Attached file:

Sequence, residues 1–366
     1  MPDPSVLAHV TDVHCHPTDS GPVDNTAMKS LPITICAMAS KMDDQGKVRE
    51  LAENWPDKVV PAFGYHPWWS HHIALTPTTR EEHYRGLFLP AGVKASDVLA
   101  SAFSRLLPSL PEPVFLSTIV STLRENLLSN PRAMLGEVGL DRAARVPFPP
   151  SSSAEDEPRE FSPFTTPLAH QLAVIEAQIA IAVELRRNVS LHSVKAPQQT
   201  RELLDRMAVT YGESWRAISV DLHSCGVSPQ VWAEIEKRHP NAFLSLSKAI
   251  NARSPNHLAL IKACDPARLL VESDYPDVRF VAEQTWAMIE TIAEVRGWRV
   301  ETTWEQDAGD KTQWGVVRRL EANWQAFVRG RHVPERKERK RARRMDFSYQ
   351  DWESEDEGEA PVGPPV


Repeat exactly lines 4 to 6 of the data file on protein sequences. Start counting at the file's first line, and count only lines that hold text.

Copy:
   101  SAFSRLLPSL PEPVFLSTIV STLRENLLSN PRAMLGEVGL DRAARVPFPP
   151  SSSAEDEPRE FSPFTTPLAH QLAVIEAQIA IAVELRRNVS LHSVKAPQQT
   201  RELLDRMAVT YGESWRAISV DLHSCGVSPQ VWAEIEKRHP NAFLSLSKAI